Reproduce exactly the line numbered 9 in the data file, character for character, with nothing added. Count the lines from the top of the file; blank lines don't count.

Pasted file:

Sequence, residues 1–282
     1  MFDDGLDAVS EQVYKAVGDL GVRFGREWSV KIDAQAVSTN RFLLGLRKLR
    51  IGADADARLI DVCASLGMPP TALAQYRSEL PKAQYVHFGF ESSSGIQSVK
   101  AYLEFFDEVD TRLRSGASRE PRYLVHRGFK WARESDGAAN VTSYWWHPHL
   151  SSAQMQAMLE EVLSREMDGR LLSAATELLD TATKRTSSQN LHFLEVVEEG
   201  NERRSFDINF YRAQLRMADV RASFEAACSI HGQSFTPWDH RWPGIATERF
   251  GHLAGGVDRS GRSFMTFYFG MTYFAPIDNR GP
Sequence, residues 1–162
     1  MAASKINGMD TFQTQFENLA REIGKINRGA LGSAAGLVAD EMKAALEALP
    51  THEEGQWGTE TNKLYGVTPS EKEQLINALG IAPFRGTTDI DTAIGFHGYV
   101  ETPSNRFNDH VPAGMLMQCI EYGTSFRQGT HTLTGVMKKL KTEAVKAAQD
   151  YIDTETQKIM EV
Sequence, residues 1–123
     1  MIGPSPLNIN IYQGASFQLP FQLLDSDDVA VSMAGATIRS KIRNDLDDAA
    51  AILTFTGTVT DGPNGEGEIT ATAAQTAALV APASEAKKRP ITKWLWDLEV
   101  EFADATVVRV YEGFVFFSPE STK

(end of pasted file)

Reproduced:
     1  MAASKINGMD TFQTQFENLA REIGKINRGA LGSAAGLVAD EMKAALEALP